Orange County Case Raises Confidentiality Issues for Rape Victims
Posted September 6, 2000
RALEIGH — People who call a rape crisis hotline probably assume their information will remain confidential. Most of the time, they are right. But under current North Carolina law, crisis centers' records and counselors can be subpoenaed.
A defense attorney in an Orange County rape case is trying to get the file of a victim from that area's rape crisis center. He believes the information could help clear his client.
TheNorth Carolina Coalition Against Sexual Assaultplans to ask theGeneral Assemblyto change the law and add protection for victims in this situation.
"Frankly, I think it's wrong," says Amy Holloway, executive director of Interact, one of the largest support organizations for sexual assault victims in the state.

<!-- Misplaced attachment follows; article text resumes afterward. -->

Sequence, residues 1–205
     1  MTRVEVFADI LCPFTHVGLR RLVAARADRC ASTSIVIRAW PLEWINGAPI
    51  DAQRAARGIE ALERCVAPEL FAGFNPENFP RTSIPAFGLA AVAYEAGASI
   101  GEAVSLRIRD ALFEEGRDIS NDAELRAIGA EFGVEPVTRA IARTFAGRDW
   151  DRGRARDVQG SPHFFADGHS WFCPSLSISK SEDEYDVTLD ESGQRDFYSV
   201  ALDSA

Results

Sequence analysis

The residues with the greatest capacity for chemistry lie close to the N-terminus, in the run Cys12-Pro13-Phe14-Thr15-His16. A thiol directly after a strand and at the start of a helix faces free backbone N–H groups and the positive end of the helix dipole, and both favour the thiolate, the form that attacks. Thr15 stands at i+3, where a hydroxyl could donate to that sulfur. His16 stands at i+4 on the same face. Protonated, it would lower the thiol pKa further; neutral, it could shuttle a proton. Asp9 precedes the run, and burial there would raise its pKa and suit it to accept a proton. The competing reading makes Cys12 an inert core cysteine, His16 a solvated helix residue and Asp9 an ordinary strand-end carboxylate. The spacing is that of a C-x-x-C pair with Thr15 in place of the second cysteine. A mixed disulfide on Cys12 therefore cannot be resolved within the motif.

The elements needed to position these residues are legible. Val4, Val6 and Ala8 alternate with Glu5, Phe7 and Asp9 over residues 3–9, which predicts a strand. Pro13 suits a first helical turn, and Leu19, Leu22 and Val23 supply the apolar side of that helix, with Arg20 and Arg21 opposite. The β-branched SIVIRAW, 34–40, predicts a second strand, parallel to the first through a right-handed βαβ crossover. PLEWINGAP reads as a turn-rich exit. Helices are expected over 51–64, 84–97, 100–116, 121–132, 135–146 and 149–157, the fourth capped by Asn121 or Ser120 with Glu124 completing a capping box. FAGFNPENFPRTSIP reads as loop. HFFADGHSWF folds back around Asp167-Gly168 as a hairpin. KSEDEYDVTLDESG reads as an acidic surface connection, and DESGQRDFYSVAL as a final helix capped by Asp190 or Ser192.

"When individuals come to us, they expect confidentiality," she says. "They're coming to be safe. They're coming in attempt to heal."
Holloway says the intake sheets her counselors use ask for very little specific information. Keeping it vague helps protect a victim if the file should end up in court.
"Often times, the defense that is used is to go after the character of the victim," she says. "It's not relevant in the least to the crime that was committed, and that needs to stop."
Many women agree, saying that if the information is not protected, victims will be afraid to seek help.
Karen Ruby shares those concerns.
"It should be the same guidelines as in any counseling setting. It should be confidential," she says.
Holloway says a change is needed.
"We really need to look at the law and change it, so that it does cover rape crisis centers and domestic violence programs that do serve as a safe place for people to come and talk about whatever they need to talk about," she says.
According to North Carolina law, some occupations can keep your private information from being public. Those professions include: